JPL Pasadena CA

Study Finds New Wrinkles on Earth’s Moon

Posted on Updated on

Andrew Good
Jet Propulsion Laboratory, Pasadena, Calif.
andrew.c.good@jpl.nasa.gov

 

New surface features of the Moon have been discovered in a region called Mare Frigoris, outlined here in teal. This image is a mosaic composed of many images taken by NASA’s Lunar Reconnaissance Orbiter (LRO).Credit: NASA

 

Billions of years ago, Earth’s Moon formed vast basins called “mare” (pronounced MAR-ay). Scientists have long assumed these basins were dead, still places where the last geologic activity occurred long before dinosaurs roamed Earth.

But a survey of more than 12,000 images reveals that at least one lunar mare has been cracking and shifting as much as other parts of the Moon – and may even be doing so today. The study adds to a growing understanding that the Moon is an actively changing world.

Read the rest of this entry »

New Clues About How Ancient Galaxies Lit up the Universe

Posted on Updated on

Calla Cofield
Jet Propulsion Laboratory, Pasadena, Calif.
calla.e.cofield@jpl.nasa.gov 

 

This deep-field view of the sky (center) taken by NASA’s Hubble and Spitzer space telescopes is dominated by galaxies – including some very faint, very distant ones – circled in red. The bottom right inset shows the light collected from one of those galaxies during a long-duration observation.Credit: NASA/JPL-Caltech/ESA/Spitzer/P. Oesch/S. De Barros/I.Labbe

 

NASA’s Spitzer Space Telescope has revealed that some of the universe’s earliest galaxies were brighter than expected. The excess light is a byproduct of the galaxies releasing incredibly high amounts of ionizing radiation. The finding offers clues to the cause of the Epoch of Reionization, a major cosmic event that transformed the universe from being mostly opaque to the brilliant starscape seen today. 

In a new study (Royal Astronomical Society), researchers report on observations of some of the first galaxies to form in the universe, less than 1 billion years after the big bang (or a little more than 13 billion years ago). The data show that in a few specific wavelengths of infrared light, the galaxies are considerably brighter than scientists anticipated. The study is the first to confirm this phenomenon for a large sampling of galaxies from this period, showing that these were not special cases of excessive brightness, but that even average galaxies present at that time were much brighter in these wavelengths than galaxies we see today. 

Read the rest of this entry »

OCO-3 Ready to Extend NASA’s Study of Carbon

Posted on Updated on

 Written by Jane Platt
 Jet Propulsion Laboratory, Pasadena, California

 

OCO-3 sits on the large vibration table (known as the “shaker”) in the Environmental Test Lab at the Jet Propulsion Laboratory. Credit: NASA/JPL-Caltech

 

When the Orbiting Carbon Observatory 3, OCO-3, heads to the International Space Station, it will bring a new view – literally – to studies of Earth’s carbon cycle.

From its perch on the space station, OCO-3 will observe near-global measurements of carbon dioxide on land and sea, from just after sunrise to just before sunset. That makes it far more versatile and powerful than its predecessior, OCO-2.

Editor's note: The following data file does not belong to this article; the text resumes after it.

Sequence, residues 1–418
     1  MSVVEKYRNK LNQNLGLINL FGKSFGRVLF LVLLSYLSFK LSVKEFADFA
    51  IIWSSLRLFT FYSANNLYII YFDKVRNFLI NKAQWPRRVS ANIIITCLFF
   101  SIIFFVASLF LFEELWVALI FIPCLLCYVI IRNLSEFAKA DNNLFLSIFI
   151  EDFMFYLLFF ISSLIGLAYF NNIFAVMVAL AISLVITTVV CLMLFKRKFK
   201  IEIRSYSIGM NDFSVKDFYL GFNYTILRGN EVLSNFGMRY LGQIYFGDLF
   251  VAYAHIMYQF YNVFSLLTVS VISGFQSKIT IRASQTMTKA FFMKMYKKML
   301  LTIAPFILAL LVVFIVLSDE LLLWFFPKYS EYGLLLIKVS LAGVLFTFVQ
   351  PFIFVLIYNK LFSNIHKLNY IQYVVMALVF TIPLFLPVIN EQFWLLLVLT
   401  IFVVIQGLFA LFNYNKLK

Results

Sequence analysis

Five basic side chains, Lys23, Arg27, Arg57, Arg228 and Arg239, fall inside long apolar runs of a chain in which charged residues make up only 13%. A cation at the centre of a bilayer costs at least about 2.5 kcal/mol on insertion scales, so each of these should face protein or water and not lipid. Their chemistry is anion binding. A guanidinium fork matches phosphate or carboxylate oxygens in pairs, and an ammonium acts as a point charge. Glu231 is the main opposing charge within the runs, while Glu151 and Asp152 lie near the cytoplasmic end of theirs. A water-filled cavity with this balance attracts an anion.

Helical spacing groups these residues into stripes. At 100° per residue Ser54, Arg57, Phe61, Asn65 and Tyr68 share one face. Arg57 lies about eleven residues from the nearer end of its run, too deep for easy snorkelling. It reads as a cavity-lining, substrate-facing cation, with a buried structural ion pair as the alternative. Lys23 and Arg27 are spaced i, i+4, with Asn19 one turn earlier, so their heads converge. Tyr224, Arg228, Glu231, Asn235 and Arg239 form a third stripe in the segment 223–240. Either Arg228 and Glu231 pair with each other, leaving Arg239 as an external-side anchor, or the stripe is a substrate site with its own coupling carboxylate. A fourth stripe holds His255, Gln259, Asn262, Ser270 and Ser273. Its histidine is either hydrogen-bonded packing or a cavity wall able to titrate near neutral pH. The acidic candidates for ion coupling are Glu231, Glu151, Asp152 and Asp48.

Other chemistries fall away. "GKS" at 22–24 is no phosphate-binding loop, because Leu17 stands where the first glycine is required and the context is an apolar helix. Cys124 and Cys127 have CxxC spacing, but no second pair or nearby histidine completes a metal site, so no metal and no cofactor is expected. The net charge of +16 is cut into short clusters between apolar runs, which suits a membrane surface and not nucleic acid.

Read the rest of this entry »

NASA’s InSight Detects First Likely ‘Quake’ on Mars

Posted on Updated on

Dwayne Brown / Alana Johnson
Headquarters, Washington

Andrew Good

Jet Propulsion Laboratory, Pasadena, Calif.

This image of InSight’s seismometer was taken on the 110th Martian day, or sol, of the mission. The seismometer is called Seismic Experiment for Interior Structure, or SEIS. Credit: NASA/JPL-Caltech

 

NASA’s Mars InSight lander has measured and recorded for the first time ever a likely “marsquake.”

 

The faint seismic signal, detected by the lander’s Seismic Experiment for Interior Structure (SEIS) instrument, was recorded on April 6, the lander’s 128th Martian day, or sol. This is the first recorded trembling that appears to have come from inside the planet, as opposed to being caused by forces above the surface, such as wind. Scientists still are examining the data to determine the exact cause of the signal.

 

Read the rest of this entry »

Antarctica’s Effect on Sea Level Rise in Coming Centuries

Posted on Updated on

Esprit Smith

Jet Propulsion Laboratory, Pasadena, Calif.

  

 

Thwaites Glacier. animation shows projections of ice sheet retreat in Antarctica Thwaites Glacier. Credit: NASA/James Yungel

 

 

There are two primary causes of global mean sea level rise – added water from melting ice sheets and glaciers, and the expansion of sea water as it warms. The melting of Antarctica’s ice sheet is currently responsible for 20-25 percent of global sea level rise.

 

But how much of a role will it play hundreds of years in the future?


 

Read the rest of this entry »

NASA’s Voyager 2 Probe Enters Interstellar Space

Posted on Updated on

Dwayne Brown / Karen Fox
NASA Headquarters, Washington

Calla Cofield
Jet Propulsion Laboratory, Pasadena, Calif.

This illustration shows the position of NASA’s Voyager 1 and Voyager 2 probes, outside of the heliosphere, a protective bubble created by the Sun that extends well past the orbit of Pluto. Credits: NASA/JPL-Caltech

 

For the second time in history, a human-made object has reached the space between the stars. NASA’s Voyager 2 probe now has exited the heliosphere – the protective bubble of particles and magnetic fields created by the Sun.